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Eugene Onegin Paperback – Nov 25 2008

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Product Details

  • Paperback: 304 pages
  • Publisher: Penguin Classics (Nov. 25 2008)
  • Language: English
  • ISBN-10: 0140448101
  • ISBN-13: 978-0140448108
  • Product Dimensions: 12.9 x 1.7 x 19.7 cm
  • Shipping Weight: 240 g
  • Average Customer Review: Be the first to review this item
  • Amazon Bestsellers Rank: #63,435 in Books (See Top 100 in Books)
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Product Description


One of the finest of all verse translations into English ... reproduces every facet of the original: the precise meaning, the wit, the lyricism. Not once is there a false note. -- Robert Chandler Independent

About the Author

Alexander Sergeyevich Pushkin was born in Moscow in 1799. He was liberally educated and left school in 1817. Given a sinecure in the Foreign Office, he spent three dissipated years in St Petersburg writing light, erotic and highly polished verse. He flirted with several pre-Decembrist societies, composing the mildly revolutionary verses which led to his disgrace and exile in 1820. After traveling through the Caucasus and the Crimea, he was sent to Bessarabia, where he wrote The Captive of the Caucasus and The Fountain at Bakhchisaray, and began Eugene Onegin. His work took an increasingly serious turn during the last year of his southern exile, in Odessa. In 1824 he was transferred to his parents’ estate at Mikhaylovskoe in north-west Russia, where he spent two solitary but fruitful years during which he wrote his historical drama Boris Godunov, continued Eugene Onegin and finished The Gipsies. After the failure of the Decembrist Revolt in 1825 and the succession of a new tsar, Pushkin was granted conditional freedom in 1826. During the next three years he wandered restlessly between St Petersburg and Moscow. He wrote an epic poem, Poltava, but little else. In 1829 he went with the Russian army to Transcaucasia, and the following year, stranded by a cholera outbreak at the small family estate of Boldino, he wrote his experimental Little Tragedies in blank verse and The Tales of Belkin in prose, and virtually completed Eugene Onegin. In 1831 he married the beautiful Natalya Goncharova. The rest of his life was soured by debts and the malice of his enemies. Although his literary output slackened, he produced his major prose works The Queen of Spades and The Captain’s Daughter, his masterpiece in verse, The Bronze Horseman, important lyrics and fairy tales, including The Tale of the Golden Cockerel. Towards the end of 1836 anonymous letters goaded Pushkin into challenging a troublesome admirer of his wife to a duel. He was mortally wounded and died in January 1837.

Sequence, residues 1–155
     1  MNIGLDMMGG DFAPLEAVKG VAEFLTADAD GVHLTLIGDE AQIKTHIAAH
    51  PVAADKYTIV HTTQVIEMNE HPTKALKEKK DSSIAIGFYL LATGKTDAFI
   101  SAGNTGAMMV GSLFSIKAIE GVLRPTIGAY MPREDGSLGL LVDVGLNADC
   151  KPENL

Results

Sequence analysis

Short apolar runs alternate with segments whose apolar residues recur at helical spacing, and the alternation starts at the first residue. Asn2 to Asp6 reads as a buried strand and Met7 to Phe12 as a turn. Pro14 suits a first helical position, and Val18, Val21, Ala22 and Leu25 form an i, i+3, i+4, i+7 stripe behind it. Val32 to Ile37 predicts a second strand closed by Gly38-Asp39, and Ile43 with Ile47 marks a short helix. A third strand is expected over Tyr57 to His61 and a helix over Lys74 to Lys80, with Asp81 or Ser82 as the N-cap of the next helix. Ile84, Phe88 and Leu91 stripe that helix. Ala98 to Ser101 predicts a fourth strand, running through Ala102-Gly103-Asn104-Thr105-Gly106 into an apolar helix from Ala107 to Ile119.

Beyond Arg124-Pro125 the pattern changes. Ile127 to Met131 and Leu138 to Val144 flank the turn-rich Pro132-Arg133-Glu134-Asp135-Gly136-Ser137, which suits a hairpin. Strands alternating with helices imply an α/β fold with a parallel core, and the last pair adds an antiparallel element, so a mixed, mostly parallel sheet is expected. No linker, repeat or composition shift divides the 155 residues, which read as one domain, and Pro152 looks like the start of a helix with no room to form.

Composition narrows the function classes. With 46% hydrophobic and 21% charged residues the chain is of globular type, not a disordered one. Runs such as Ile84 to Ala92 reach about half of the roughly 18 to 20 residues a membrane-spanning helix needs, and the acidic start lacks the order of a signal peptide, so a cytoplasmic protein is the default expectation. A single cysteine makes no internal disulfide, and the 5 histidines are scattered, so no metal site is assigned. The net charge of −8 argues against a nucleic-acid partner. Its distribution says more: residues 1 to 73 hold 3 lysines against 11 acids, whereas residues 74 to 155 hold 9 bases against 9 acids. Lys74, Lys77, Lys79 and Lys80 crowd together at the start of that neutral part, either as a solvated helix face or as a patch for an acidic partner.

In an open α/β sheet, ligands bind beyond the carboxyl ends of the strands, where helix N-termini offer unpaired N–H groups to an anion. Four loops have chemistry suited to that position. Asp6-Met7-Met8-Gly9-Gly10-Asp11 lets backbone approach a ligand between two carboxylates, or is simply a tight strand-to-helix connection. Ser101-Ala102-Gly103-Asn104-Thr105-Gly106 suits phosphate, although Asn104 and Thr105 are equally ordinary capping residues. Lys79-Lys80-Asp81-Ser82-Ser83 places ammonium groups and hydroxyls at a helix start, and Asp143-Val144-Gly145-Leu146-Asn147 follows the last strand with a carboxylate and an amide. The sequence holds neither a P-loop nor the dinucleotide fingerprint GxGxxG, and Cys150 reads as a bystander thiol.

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Amazon.com: HASH(0xa5eca258) out of 5 stars 16 reviews
53 of 53 people found the following review helpful
HASH(0xa64ab3cc) out of 5 stars Perhaps the best translation from original masterpice March 8 2010
By Maverick - Published on Amazon.com
Format: Paperback
Russian is my native language. Having tried to introduce my English speaking children to Pushkin I browsed through number of available translations of Eugene Onegin. I found Stanley Mitchell's translation from the original is being the most accurate and readable. James E. Falen's version is perhaps the next to this one. Nabokov's translation is one of the weakest, in my opinion. It is very hard to convey the prosody and wit of Pushkin for the non-Russian speaker and this translater does a superb job.